This very brief summary is a glimpse of what a solid research design should include.
There should be a hypothesis and a test of the hypothesis.
It should be possible to disprove the conclusion.
Stated results should not consume all of the data.
It is best to share data, especially when not proprietary. This allows others to replicate the work. (One of the top economics books of the past year included a serious spreadsheet error, discovered because data were shared. It is fairly common in academic circles. Dr. Shiller shares his data, despite the great difficult in develop the historical earnings).
It is important to provide a complete description of the methodology. This should include paths not taken and variables that were rejected.
It is helpful to show the link (ideally with an update) of past research theses as more evidence emerges.
My Own Concerns about the Conclusions
Many have asked me why I have not followed this approach in my own investment management. I do not write about it very much because of the work required. Dr. Hussman has a great research budget and team. I have a small staff who are already fully-employed on stock picking and managing our programs. Going back to replicate one of the old charts would be a fair amount of work. I will share my concerns here, but only in abbreviated form.
- We never seem to reach the point of evaluation. How did these approaches work in the past?
- The methodology seems to include many of the classic overfitting problems. I am certainly not the first to note this. Philosophical Economics in late 2013 wrote Valuation and Stock Market Returns: Adventures in Curve Fitting.
- There are adjustments that are not well explained. The earnings are adjusted for expected changes in profit margins, for example. What if this assumption is not accurate? Profit margins are an intense (and separate) debate.
- The method for adjustment keeps changing – different approaches, coefficients, etc.
- Over the years, the time frame for the forecast keeps moving, from seven, to ten, and to 12. If you go back to the original Shiller papers, he was using five years. His disciples keep experimenting with different choices.
- The independent variables change with each new iteration. The overall model always seems to fit. Past discrepancies disappear.
- The attribution of “bad patches” in results to market overvaluation or undervaluation. This seems backwards. Why is the market wrong and the model right?
I am especially bothered by what I see as exaggeration and distortion. What does it add to this discussion to call valuations “obscene?” I find especially distasteful the statement, “The CAPE Ratio id doing exactly what it has always done, which is to help investors anticipate the investment returns they should expect over the next decade. Those returns will very likely be in the low, single digits”.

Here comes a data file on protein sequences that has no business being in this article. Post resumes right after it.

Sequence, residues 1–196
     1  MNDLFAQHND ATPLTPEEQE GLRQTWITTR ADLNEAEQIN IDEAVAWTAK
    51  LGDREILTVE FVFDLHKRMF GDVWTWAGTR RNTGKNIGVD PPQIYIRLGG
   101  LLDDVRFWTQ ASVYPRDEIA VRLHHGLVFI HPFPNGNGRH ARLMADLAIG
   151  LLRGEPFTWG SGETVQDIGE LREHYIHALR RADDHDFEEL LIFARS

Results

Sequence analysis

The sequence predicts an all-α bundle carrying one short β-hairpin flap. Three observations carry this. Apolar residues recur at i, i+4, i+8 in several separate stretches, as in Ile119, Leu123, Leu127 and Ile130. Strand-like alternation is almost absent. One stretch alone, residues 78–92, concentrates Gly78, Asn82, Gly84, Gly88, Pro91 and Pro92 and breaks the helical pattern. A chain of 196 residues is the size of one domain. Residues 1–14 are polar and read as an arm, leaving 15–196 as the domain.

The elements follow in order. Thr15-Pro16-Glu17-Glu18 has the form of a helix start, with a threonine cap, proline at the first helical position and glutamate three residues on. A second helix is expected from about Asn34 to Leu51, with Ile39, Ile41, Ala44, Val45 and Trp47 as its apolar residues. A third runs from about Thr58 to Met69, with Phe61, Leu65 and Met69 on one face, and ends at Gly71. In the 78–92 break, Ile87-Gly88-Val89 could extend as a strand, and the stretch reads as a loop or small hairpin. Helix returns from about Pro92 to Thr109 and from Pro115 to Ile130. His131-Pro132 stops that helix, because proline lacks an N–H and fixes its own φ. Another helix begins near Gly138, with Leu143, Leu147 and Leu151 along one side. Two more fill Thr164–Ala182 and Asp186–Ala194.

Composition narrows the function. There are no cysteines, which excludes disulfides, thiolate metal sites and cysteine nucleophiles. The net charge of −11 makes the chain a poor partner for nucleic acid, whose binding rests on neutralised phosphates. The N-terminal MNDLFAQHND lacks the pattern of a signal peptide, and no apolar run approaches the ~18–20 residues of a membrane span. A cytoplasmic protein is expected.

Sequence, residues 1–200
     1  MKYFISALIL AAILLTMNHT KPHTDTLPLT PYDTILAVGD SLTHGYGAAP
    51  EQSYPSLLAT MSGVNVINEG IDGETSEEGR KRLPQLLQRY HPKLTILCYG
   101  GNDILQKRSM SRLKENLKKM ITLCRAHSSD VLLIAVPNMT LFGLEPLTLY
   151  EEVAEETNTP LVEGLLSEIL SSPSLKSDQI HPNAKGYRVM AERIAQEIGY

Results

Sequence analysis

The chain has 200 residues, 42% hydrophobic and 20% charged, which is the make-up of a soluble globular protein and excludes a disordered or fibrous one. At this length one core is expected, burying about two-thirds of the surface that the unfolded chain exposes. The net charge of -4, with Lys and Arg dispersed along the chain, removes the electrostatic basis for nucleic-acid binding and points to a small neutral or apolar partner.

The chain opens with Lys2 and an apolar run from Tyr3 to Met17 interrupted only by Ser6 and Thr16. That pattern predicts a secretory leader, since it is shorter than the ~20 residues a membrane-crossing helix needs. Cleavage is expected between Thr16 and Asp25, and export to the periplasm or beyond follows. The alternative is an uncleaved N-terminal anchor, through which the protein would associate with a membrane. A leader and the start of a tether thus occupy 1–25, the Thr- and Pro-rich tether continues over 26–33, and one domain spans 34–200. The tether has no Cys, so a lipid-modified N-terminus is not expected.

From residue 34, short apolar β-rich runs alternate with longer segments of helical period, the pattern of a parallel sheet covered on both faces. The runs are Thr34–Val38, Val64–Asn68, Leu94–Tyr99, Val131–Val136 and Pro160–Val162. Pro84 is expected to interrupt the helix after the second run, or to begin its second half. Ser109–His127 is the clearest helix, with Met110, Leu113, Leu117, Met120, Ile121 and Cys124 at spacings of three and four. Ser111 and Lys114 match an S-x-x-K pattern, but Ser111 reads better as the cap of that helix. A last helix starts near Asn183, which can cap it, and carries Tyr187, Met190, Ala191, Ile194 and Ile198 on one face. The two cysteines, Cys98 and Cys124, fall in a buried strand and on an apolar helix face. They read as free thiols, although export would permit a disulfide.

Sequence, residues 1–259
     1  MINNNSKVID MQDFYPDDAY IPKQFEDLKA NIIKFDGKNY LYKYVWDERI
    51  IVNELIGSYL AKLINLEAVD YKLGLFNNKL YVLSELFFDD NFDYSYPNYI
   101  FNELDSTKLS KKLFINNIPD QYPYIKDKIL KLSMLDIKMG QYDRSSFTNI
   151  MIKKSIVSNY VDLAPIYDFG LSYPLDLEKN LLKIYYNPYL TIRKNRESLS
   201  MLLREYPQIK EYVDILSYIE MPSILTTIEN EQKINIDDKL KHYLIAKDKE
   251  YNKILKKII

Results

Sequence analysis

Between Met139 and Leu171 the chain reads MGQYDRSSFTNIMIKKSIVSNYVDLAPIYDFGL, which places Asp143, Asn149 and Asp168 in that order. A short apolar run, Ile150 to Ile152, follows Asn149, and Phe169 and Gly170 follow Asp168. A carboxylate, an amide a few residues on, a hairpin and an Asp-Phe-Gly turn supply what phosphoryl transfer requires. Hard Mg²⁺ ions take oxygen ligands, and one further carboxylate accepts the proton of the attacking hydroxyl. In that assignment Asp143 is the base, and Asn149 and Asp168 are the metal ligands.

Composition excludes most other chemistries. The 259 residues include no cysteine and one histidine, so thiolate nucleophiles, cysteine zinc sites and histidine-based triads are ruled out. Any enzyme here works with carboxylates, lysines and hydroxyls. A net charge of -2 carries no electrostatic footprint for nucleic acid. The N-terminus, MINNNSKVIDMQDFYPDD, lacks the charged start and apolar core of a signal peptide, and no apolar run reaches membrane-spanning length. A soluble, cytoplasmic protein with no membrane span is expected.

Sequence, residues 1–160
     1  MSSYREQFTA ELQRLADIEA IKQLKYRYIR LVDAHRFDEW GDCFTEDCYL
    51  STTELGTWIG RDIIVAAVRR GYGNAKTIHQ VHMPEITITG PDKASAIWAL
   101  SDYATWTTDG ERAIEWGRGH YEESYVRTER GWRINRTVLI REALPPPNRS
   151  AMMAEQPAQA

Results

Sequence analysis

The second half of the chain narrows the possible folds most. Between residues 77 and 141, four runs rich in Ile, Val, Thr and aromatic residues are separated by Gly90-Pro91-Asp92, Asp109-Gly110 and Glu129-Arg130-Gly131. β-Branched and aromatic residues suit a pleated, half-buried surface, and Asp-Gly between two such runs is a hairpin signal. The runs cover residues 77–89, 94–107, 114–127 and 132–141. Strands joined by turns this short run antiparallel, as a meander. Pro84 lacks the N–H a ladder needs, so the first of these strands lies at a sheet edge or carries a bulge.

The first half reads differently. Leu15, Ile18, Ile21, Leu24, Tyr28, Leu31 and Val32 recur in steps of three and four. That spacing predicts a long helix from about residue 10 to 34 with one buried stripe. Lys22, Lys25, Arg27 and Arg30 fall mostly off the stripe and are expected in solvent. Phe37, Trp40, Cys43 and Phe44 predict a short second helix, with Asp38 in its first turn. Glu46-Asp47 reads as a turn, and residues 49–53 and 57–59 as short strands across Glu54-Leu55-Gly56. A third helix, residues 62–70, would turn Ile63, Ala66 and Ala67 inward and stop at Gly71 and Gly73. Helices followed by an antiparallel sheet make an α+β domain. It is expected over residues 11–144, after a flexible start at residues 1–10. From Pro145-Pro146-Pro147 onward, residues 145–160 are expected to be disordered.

The CAPE ratio is not some wise old friend that has been around for centuries. It was invented only recently and has not worked very well. The claim of historical validation is also completely wrong. What if I told you that the Packers always won at home after a double-digit away loss in a dome? (I made this one up, but you get the idea). It is historically accurate, but does not have any value for predicting the future. Since Dr. Shiller and Dr. Hussman made a lot of specific choices about measuring earnings, past time frames, use of inflation information, and future time frames, their conclusions should be described as a model, not some definitive historical record. It is rather easy to create a view of history that provides a vastly different conclusion. (see The Single Greatest Predictor of Future Stock Market Returns). It includes this impressive chart.
[Jeff] Similar approach, vastly different result. This is not the only such example.
Implications for Investors
My most important point is a plea, repeated from last week’s post: Be careful about investing your money using analysis you do not really understand!
Whether you share my concerns or not, I recommend a deeper look into these issues, with one of three conclusions:
- If this leads you to agree with Dr. Hussman, his fund offerings that provide the best balance. I have written that his stock picking is excellent. Investing with him is better than going “all out” on your own because of fear.
- If the deeper look leads you to disagree, you might consider funds or advisors who take a different approach.
- If you are not sure, then hedge your investment “bets.”